You know how I said I liked Gettin’ Down to the Roots of things? Well, yesterday I had my first experience with getting to the roots of food preservation. Commonly known as canning. Even though you’re putting it in a jar. I have trouble calling it “canning” because, as far as I know, unless you’re a factory, there are no cans. Why not “jarring”? So, I’ve been calling it “preserving,” but everyone I mention it to inevitably says, “Canning?” *sigh* Yes, canning.
I’ve been thinking about figuring out how to do this because of the ginormous box of vegetables I get from my CSA every week. I pick up my boxes on Thursdays, and I find that every Wednesday I go on a cooking frenzy of sorts to use up the overwhelming amount of vegetables I have not yet managed to eat. I know that you can freeze some vegetables, but all I have is a regular refrigerator-freezer and if I just started stuffing it with the vegetables I haven’t finished, it would be packed in two weeks tops. I was thinking that learning to preserve would be a little better stewardship than baking multiple vegetable-laden casseroles, soups & salads and eating them for the next 4 days straight. You know, spread out the love so that come the end of my vegetable-train, I can still have yummy and good-for-me things to eat without going broke.
If you’ve never preserved anything before, and you start looking at the instructions on line, it kind of knocks the enthusiasm out of you. I wanted to make pickles and salsa. It seems that each different item you want to preserve has different requirements: the amount of acid necessary to make sure you don’t get botulism (encouraging), the length of time you boil the filled jar based on altitude (oh, the details), or the kind of pot you have to use in the case of boiling vinegar for pickling (it seems that non-metal pots are required???, or Teflon lined pots with no scratches in them…do you know ANYONE who has a Teflon lined pot without scratches?? I ended up using a stainless steel saucepan. I figure stainless steel doesn’t react to anything.) The instructions were daunting to say the least. Not to mention the fact that there a billion different recipes for pickles, and testimonies of all kinds of people saying that this recipe is gross, this one makes the pickles mushy, and a myriad of other things, basically, “I will never use this recipe again because __________ .” Insert any reason you like into that blank. Who knew there could be so many different things wrong with pickles?
Oh, and I can’t forget to mention the fact that it took my lovely giant pot three hours to boil. This pot is big enough to cover quart-sized jars standing right side up, and considering the fact that I have an electric stove top, and my only large burner is broken, I’m not really surprised. I expected it to take a while, so I, thankfully, started it when I knew I still had to research pickle and salsa recipes and go to the grocery store.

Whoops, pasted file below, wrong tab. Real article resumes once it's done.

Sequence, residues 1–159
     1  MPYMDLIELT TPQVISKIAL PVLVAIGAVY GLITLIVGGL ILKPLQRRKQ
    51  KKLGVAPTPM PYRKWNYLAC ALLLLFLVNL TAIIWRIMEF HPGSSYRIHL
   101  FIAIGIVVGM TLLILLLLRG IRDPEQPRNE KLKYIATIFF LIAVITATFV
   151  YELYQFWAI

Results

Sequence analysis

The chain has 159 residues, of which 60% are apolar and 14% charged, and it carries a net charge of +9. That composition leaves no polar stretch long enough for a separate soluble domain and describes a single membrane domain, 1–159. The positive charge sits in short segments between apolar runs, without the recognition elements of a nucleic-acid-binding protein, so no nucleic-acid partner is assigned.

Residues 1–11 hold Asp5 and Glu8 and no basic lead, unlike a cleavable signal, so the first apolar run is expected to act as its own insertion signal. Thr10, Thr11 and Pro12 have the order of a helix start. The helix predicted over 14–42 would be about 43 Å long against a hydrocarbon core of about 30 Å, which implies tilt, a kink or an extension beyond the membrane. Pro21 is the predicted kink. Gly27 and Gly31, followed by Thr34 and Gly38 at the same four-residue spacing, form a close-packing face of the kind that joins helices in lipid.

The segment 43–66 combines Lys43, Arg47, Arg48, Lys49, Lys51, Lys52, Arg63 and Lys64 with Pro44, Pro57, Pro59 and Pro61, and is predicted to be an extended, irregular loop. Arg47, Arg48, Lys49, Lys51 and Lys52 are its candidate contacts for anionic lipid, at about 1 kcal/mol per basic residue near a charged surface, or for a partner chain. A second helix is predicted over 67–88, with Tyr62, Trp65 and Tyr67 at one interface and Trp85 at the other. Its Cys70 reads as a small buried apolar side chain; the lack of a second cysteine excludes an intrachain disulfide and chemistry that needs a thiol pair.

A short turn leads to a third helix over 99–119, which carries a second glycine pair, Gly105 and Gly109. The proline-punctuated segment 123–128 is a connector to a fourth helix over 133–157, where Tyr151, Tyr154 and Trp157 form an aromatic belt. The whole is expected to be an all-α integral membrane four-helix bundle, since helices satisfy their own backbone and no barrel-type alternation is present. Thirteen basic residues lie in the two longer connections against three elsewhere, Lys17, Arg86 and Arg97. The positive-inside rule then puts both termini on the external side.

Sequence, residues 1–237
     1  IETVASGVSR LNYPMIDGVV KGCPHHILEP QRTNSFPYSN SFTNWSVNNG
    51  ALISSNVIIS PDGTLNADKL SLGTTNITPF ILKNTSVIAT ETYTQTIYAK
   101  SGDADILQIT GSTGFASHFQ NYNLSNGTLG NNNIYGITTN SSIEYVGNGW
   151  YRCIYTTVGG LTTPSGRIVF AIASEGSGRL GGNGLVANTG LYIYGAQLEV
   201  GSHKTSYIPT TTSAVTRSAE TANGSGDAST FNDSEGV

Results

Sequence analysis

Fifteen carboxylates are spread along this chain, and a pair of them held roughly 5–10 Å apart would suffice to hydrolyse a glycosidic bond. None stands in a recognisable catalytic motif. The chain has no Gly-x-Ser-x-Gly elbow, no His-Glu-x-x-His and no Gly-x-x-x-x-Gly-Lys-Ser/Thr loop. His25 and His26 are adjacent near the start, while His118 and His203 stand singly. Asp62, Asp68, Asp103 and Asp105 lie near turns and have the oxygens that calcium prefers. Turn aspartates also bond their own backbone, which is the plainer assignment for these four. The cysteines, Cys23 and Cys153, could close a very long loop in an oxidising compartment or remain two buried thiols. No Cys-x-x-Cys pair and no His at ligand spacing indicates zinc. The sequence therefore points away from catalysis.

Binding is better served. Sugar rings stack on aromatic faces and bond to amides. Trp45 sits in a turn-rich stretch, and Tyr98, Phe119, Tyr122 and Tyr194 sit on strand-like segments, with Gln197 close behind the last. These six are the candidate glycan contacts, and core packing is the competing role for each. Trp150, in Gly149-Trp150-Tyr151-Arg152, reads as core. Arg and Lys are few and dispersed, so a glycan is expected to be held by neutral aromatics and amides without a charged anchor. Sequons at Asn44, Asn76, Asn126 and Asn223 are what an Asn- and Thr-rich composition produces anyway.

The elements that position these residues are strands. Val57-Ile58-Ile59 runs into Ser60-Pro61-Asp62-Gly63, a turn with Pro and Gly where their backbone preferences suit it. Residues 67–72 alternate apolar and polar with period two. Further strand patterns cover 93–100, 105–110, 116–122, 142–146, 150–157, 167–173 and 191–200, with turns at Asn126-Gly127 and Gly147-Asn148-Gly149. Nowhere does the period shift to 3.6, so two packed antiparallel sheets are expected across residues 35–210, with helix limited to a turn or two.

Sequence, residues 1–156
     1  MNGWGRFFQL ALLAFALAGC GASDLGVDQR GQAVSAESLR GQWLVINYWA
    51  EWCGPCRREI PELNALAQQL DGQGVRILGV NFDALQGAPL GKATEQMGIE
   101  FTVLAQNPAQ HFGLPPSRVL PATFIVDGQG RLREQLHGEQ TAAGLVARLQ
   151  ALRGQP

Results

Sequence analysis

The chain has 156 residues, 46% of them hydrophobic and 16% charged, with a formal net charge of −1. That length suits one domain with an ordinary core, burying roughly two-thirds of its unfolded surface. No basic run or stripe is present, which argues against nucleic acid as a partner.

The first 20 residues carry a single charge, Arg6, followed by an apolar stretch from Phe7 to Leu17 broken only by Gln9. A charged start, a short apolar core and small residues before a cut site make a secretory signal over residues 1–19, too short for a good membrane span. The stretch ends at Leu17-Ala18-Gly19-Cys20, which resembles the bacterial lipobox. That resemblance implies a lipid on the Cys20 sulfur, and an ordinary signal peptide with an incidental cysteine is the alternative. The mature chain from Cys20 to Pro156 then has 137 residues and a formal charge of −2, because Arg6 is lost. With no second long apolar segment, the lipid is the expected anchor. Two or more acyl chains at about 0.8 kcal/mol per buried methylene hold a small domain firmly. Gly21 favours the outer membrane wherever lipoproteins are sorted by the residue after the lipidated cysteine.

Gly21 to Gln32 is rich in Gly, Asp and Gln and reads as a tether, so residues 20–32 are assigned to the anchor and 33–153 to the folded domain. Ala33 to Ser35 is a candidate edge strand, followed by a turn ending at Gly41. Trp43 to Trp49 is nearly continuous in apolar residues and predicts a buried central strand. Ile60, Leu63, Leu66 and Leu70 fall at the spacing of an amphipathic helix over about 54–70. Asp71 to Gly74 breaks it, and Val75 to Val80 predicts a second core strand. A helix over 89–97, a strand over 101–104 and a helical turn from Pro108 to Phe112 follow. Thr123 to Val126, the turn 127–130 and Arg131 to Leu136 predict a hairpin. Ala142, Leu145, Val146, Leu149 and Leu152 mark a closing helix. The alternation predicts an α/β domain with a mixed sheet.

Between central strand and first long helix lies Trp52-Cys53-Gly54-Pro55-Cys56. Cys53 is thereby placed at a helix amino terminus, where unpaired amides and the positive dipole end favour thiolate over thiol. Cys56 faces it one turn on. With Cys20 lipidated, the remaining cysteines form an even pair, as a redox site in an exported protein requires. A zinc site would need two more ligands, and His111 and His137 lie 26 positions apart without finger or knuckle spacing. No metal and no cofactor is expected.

I will try to spare you all the rest of the minute details; I’m sure you already heard more than you wanted to. I will say that you come up with questions you did not think of while you are in the middle of the most important part, filling the jars, lidding them and then dunking them back in the giant pot of boiling water in order to seal. There’s not really opportunity at that step to call your mom and ask if this is OK, so you just keep going, and hope. Or at least that’s what I did. Only to learn later that it’s probably not OK, and at least 2 of the three jars I completed will have to be refrigerated and eaten like regular refrigerated food. So, I could’ve just stuck my pickles and almost half of my salsa in jars without all of the other rigamarole. However, I wouldn’t have learned anything, and it seems that at least one of my jars of salsa could survive the pantry shelf for a while. We will, of course, find out later…you know, if I don’t get botulism and die.
I actually tasted my salsa before jarring it, and it was pretty good. It looks more like relish, but tastes all right, so I don’t really care what it looks like. I’ll let you know how the pickles taste within the next week or so…gotta let ‘em turn into pickles first.
And now for explaining the title of this particular post: my boyfriend dubbed my pickles, “Connie’s Creek Bottom Pickles” because of how they look. See, you put fresh garlic cloves in the bottom of the jar, then you put the cut cucumbers in, then you pack fresh dill around them and throw in a few peppercorns, followed by pouring the boiling vinegar in. Here is the result:
…hence the title. My boyfriend said it looks like I took a jar, scooped up the creek bed and put a lid on it. Complete with fish, pebbles and seaweed. Lovely. I only hope it tastes good. Here’s a picture of all of my beautiful semi-preserved jars from yesterday…a momentous occasion.